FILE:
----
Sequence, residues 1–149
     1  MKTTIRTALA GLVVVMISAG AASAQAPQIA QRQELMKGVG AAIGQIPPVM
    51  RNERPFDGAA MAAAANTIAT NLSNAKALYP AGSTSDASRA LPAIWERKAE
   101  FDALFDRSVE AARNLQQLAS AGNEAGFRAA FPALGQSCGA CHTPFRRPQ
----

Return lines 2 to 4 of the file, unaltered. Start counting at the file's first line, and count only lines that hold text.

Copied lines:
     1  MKTTIRTALA GLVVVMISAG AASAQAPQIA QRQELMKGVG AAIGQIPPVM
    51  RNERPFDGAA MAAAANTIAT NLSNAKALYP AGSTSDASRA LPAIWERKAE
   101  FDALFDRSVE AARNLQQLAS AGNEAGFRAA FPALGQSCGA CHTPFRRPQ